This volume is more idiosyncratic than the magazine, as maestro Christopher Kimball gives full voice like a hunting hound to his personal prejudices ("Poaching perfectly ripe fruit is insane"). He explains exactly how to make a gloriously moist, evenly roasted chicken, a batch of bran muffins worth eating, or from-the-cupboard main dishes that are ready in a flash or two, yet still memorable. If his bow-tied certitude starts getting you down, pour a glass of wine and skip to the recipes.
The gold standard for kitchen "whys" remains, in my house, Shirley Corriher's "Cookwise." I wouldn't be without it. But for day-to-day usage, "The Kitchen Detective" is guaranteed to make a cook take a different five o'clock look at the unpromising contents of one's pantry: Canned tuna as a pasta-sauce base? Gosh, it's good!
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on March 1, 2004
I almost didn't buy this book after wondering if it would just end up being another issue of Cook's Illustrated (the magazine founded by Kimball), but decided to go ahead and get it, and I'm really glad I did! After only having owned this book for a week, it's already my favorite cookbook. I don't know if it's my New England sensibilities or just the high quality of the recipes that I've come to expect from Kimball & Co., but I'm amazed at how many of the recipes in this cookbook I want to make. Usually when I buy a cookbook, many of the recipes are either too time-consuming, too complicated, or they require expensive or hard-to-find ingredients. As he tests different recipes to come up with a perfected version, Kimball makes note of any strange ingredients or bizarre preparation methods, favoring simpler and more straightforward methods that will save cooks time and result in recipes just as delicious as any that require hours in the kitchen.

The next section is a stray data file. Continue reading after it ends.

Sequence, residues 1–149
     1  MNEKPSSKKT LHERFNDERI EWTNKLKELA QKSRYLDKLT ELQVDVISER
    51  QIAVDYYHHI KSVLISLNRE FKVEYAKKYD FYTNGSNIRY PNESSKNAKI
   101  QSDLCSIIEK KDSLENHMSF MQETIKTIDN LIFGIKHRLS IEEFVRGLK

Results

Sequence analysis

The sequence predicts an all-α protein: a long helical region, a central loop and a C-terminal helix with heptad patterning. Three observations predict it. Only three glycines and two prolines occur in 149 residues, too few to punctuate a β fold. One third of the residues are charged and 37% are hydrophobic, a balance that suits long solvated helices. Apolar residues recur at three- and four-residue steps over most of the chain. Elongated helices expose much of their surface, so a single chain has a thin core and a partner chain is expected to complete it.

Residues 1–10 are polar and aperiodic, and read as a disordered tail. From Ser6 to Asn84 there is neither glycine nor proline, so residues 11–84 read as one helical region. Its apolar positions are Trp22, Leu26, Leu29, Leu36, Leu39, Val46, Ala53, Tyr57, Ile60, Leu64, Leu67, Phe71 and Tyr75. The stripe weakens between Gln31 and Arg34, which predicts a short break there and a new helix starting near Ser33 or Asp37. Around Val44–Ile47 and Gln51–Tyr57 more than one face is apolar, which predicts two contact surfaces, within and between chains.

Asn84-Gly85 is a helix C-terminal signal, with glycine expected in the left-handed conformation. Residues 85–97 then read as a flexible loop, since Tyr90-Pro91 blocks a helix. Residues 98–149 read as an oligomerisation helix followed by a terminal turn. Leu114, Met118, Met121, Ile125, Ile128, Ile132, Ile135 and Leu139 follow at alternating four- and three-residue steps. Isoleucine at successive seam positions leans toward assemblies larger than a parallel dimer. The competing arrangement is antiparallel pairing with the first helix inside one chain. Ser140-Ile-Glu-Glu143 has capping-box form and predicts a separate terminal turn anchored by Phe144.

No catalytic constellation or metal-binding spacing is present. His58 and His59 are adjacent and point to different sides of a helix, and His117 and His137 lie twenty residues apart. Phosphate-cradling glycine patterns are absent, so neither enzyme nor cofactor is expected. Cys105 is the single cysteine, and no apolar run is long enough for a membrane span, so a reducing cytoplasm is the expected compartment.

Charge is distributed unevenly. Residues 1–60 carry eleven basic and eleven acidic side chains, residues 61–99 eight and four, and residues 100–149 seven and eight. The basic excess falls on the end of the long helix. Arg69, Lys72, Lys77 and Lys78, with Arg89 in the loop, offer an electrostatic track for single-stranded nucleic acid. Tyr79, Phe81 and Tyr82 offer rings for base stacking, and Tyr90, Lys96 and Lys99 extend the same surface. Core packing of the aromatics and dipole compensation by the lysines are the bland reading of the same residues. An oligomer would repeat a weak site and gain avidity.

The book is divided into sections - soups, meats, dessert, and includes many helpful sidebars with interesting information about such things as the rise of Kraft Mac & Cheese or his most-used kitchen tools. Overall, this book is more than just recipes, though the recipes are all really great. The author goes through the trial and error process for you, reports on his results, and analyzes why some recipes failed and others succeeded, and gives you the knowledge you'll need to know what makes some recipes work and others turn out badly.
My only complaint about this book is Kimball's overuse of the phrase 'marriage' when referring to the combination of two ingredients, tastes, textures, etc. Someone get this man a list of synonyms.
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on May 9, 2004
I checked this book out recently from the library, and loved it so much that I am now ordering my own copy.
I have made about 6 dishes so far and found them to be accessible and delicious. I especially enjoyed the vegetable soup, the braised chicken with sweet potatoes and maple syrup, and the shrimp curry. There are lots more great-looking recipes that I am eagerly waiting to try. I think that many of these will be new standards in our home.
These recipes are not overly gourmet and impractical, but aren't lowbrow either. If you're a home cook who loves good food, you can't go wrong with this book. Highly recommended!